Barking up the right tree: A guide to renting with pets in Australia

Barking up the right tree: A guide to renting with pets in Australia
Barking up the right tree: A guide to renting with pets in Australia

New South Wales has finally ended blanket bans on pets in apartments, following in the footsteps of Queensland and the ACT.

Victoria made some progress last year, although not to the same extent with reforms preventing landlords from unreasonably restricting pets. The Northern Territory is following suit.

South Australia has pet agreements, required for any lease, allowing pets with ground rules in place for property maintenance and management.

Western Australia has a $260 pet bond, to be taken when a pet is named on the lease for fumigation at vacancy, Tasmania has a similar system albeit without the bond.

The NSW’s reforms are related to strata title, as until these changes, most strata titles included a blanket pet ban. Historically NSW has had the most complex regulations surrounding pets and strata. 

Now instead of strata laws, it’s owners corporations and landlords. The NSW government has said they can still refuse to keep an animal if there is “repeated damage of the common property, menacing behaviour, persistent noise and odour.”

Owners corporations will also have the right to set conditions about how pets are kept, such as requiring supervision on common property or while entering and exiting an entrance or lift.

The government says these conditions must be “reasonable”, but there are currently NO guidelines.

Some actions such as restricting the size of a home's pet, not uncommon in the past, were found in a report prepared as part of the NSW legislation review to be unreasonable. However, this is not specified in the law that was passed.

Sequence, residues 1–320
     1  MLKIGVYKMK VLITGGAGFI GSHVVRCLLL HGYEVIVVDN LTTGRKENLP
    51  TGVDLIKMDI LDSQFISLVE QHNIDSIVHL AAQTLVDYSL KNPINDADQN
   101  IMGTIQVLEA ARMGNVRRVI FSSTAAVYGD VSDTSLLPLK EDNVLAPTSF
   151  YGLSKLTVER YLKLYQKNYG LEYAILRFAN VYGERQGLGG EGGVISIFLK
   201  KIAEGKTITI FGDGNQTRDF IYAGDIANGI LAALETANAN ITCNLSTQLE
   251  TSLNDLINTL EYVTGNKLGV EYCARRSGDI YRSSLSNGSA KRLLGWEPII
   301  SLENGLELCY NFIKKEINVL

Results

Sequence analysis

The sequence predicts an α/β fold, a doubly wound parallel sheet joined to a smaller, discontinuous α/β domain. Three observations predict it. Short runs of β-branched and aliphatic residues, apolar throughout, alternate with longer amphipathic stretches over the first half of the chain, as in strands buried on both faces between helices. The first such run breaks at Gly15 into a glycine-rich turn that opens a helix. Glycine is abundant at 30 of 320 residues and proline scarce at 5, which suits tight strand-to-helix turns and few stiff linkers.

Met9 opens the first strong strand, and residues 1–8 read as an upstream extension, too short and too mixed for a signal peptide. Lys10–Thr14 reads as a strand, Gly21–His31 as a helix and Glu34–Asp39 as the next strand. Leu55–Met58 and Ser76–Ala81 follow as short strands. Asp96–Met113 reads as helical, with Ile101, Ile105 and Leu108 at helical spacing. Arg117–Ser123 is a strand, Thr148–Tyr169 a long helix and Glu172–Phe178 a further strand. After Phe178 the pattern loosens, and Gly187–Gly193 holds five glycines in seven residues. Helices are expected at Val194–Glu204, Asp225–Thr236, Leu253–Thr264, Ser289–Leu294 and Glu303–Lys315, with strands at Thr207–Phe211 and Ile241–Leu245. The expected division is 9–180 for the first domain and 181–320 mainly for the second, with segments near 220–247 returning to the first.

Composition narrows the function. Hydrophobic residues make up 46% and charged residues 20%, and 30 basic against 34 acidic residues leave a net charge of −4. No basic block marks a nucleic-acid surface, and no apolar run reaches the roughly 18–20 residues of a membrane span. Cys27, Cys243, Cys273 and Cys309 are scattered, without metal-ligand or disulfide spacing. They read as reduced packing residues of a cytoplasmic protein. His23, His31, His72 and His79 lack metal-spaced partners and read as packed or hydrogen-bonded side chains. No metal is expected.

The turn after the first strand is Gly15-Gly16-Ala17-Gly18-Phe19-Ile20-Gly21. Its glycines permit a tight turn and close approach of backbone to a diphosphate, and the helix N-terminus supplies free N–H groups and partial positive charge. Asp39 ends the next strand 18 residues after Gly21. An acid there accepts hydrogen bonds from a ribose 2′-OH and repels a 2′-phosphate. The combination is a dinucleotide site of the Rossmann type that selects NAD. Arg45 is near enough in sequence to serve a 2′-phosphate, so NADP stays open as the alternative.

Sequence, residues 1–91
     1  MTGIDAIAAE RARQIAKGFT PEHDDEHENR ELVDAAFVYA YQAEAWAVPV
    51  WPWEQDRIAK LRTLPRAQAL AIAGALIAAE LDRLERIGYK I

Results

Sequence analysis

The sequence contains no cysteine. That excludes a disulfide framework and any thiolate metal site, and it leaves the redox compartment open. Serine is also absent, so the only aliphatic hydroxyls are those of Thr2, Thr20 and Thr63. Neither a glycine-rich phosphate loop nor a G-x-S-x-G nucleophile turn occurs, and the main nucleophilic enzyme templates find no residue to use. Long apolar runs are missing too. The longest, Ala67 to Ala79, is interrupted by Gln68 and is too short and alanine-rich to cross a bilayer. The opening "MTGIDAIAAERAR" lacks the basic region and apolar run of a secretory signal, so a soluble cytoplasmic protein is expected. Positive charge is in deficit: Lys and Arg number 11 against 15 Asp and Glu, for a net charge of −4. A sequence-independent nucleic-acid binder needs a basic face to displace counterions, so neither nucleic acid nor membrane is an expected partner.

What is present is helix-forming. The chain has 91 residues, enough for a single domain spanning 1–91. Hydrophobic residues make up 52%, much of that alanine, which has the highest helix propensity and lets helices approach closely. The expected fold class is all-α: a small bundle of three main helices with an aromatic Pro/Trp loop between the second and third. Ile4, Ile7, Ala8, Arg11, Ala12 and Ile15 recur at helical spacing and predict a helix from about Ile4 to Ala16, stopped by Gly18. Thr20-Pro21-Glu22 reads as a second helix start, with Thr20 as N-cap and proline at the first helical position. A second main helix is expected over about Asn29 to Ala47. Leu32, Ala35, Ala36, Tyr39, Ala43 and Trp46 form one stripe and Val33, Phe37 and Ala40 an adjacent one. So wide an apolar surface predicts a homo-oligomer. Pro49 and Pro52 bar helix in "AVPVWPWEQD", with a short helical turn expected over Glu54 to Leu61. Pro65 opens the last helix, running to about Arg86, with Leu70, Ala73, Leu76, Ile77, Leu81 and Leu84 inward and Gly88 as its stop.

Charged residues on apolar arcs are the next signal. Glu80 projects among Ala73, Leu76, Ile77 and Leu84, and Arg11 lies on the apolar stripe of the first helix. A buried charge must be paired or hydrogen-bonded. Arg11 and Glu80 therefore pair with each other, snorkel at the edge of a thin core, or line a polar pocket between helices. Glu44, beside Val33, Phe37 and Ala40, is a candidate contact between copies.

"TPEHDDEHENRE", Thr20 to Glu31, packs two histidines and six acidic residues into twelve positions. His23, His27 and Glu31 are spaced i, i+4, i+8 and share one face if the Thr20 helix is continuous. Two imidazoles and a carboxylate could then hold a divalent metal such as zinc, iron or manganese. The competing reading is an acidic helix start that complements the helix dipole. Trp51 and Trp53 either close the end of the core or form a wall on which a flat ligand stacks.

Close to 2.5 million Australians are living in apartments and a third of Australian households rent their homes. So with the number of renter’s rising in the wake of property prices continuing to outpace wage growth, there is a need for consistent, equitable and pet-supportive housing rental policies across the country.

With such inconsistencies across Australia, and changes only finally occurring in the past 2-3 years, there is a lot of uncertainty for renters and pets often become the victim, as more than 60% of households include a pet.

Pets are part of the family, and this he been demonstrated over and over, especially during lockdown with mental health studies and surveys demonstrating the benefits of an animal on mental health

Dogs are the best examples of this, shown to increase daily exercise across all age groups.

There are even benefits for landlords, with US research suggesting that households with pets stayed in rental properties longer than those that did not have pets. This brings longer-term, more secure rent to property owners. 

In spite of this as recently as 2018/19 pet bans have been sweeping and widespread in many rental properties, apartment buildings in particular are the biggest offender. 

Emma Power of WSU during a 2016 survey found,” that pet ownership can trigger feelings of housing insecurity for Sydney’s renter households.”

Roughly half of those surveyed who declared their pets when they applied for properties had been given pet ownership as the reason their application was rejected.

Mrs Powers said, these figures are likely to represent only a small proportion of those who have been rejected for pet ownership as reasons for rejection are rarely provided.

Most doggedly concerned landlords are simply barking up the wrong tree with many studies showing that the majority of landlords who worried about pets had zero first hand experience with such problems. Even when damage occurred it was significantly less than the average deposit, or pet-bond.

Jordan Fidler

Jordan Fidler

Jordan is a journalist at His focus is shining a spotlight on some of Australia's best apartment developments and their features

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